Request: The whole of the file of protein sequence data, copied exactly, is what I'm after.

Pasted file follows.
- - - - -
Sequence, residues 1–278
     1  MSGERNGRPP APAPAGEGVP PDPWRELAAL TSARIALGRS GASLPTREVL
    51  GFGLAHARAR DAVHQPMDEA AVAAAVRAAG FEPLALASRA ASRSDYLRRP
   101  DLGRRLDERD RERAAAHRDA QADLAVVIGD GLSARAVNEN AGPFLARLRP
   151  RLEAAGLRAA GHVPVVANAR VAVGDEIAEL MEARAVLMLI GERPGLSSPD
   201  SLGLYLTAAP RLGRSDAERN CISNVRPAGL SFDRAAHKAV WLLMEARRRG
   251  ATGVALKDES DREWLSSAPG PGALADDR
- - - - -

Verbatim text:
Sequence, residues 1–278
     1  MSGERNGRPP APAPAGEGVP PDPWRELAAL TSARIALGRS GASLPTREVL
    51  GFGLAHARAR DAVHQPMDEA AVAAAVRAAG FEPLALASRA ASRSDYLRRP
   101  DLGRRLDERD RERAAAHRDA QADLAVVIGD GLSARAVNEN AGPFLARLRP
   151  RLEAAGLRAA GHVPVVANAR VAVGDEIAEL MEARAVLMLI GERPGLSSPD
   201  SLGLYLTAAP RLGRSDAERN CISNVRPAGL SFDRAAHKAV WLLMEARRRG
   251  ATGVALKDES DREWLSSAPG PGALADDR